Unless you are famous or do something dramatic to make a splash, it is not likely that your bankruptcy filing will make front page headlines around the world. But bankruptcy filings are not secret, either. They are public records, so anyone with sufficient motivation can learn the details about your bankruptcy filing.
Bankruptcy Filings are Public Record
Filing for bankruptcy is a little like making a will: the fact that you are thinking of taking this legal step remains completely confidential – a matter between you and your attorney – until the documents are filed with the appropriate court. Documents filed in the bankruptcy court, like almost all court filings, are public records, and bankruptcy filings are all available for viewing online with the court's electronic filing system.
Read More: How to Research Bankruptcy Filings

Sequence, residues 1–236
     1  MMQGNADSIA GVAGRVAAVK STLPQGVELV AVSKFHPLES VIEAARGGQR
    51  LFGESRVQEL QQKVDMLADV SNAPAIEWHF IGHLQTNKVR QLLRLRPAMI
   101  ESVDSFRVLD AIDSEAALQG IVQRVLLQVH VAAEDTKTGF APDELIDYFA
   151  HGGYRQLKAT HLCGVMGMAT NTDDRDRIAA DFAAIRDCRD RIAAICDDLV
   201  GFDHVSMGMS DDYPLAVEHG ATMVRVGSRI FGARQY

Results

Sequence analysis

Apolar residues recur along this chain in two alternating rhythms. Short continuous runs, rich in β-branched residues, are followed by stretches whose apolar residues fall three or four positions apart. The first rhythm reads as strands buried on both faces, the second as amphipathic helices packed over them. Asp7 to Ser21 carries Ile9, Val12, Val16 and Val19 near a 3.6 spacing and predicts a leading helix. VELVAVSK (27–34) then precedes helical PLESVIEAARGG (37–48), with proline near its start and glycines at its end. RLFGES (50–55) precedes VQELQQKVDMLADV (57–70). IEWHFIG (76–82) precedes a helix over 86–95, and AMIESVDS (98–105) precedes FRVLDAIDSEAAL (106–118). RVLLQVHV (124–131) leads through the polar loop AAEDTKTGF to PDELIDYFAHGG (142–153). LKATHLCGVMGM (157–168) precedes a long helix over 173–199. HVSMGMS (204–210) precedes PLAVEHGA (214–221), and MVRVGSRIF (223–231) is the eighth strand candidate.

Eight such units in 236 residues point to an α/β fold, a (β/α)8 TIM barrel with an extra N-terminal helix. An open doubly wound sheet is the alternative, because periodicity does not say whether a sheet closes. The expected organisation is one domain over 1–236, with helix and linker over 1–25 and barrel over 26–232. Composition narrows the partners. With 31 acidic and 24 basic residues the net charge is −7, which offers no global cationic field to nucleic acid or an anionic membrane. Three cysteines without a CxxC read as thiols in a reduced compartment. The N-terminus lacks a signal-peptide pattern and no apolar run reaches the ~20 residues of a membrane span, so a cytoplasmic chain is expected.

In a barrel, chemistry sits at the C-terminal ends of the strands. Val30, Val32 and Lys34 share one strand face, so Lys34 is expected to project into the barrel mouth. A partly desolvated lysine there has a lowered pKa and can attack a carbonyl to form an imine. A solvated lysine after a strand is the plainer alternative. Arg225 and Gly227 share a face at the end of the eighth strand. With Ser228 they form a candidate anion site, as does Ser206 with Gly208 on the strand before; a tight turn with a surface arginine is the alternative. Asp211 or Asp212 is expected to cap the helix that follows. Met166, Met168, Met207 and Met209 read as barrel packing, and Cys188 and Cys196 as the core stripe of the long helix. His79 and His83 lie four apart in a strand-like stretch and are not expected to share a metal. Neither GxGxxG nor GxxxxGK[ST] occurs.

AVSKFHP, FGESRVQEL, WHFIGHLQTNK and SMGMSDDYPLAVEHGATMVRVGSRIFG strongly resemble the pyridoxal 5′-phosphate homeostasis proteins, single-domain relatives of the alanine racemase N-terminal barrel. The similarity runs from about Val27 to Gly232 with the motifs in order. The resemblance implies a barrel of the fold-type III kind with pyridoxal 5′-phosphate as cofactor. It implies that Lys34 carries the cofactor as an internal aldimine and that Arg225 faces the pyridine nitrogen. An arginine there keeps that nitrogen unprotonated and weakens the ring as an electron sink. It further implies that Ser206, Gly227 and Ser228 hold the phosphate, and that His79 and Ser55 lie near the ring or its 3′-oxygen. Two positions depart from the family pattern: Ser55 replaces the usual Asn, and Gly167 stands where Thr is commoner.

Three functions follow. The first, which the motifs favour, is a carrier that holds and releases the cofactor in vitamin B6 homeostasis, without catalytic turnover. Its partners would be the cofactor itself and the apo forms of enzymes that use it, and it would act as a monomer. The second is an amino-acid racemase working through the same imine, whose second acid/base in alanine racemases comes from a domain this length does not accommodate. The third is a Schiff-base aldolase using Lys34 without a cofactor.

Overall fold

Accessing Bankruptcy Records
Both the fact of a bankruptcy filing and the contents of documents filed in bankruptcy cases are matters of public record. Any member of the public can visit the clerk of the bankruptcy court during business hours and ask to see a person's bankruptcy file. It is also possible to access bankruptcy filings over the Internet by signing up for a PACER account from the federal court system. Certain information in bankruptcy filings, such as the debtor's Social Security number, are not available online to protect security and privacy.
Teo Spengler earned a J.D. from U.C. Berkeley's Boalt Hall. As an Assistant Attorney General in Juneau, she practiced before the Alaska Supreme Court and the U.S. Supreme Court before opening a plaintiff's personal injury practice in San Francisco. She holds both an M.A. and an M.F.A in creative writing and enjoys writing legal blogs and articles. Her work has appeared in numerous online publications including USA Today, Legal Zoom, eHow Business, Livestrong, SF Gate, Go Banking Rates, Arizona Central, Houston Chronicle, Navy Federal Credit Union, Pearson, Quicken.com, TurboTax.com, and numerous attorney websites. Spengler splits her time between the French Basque Country and Northern California.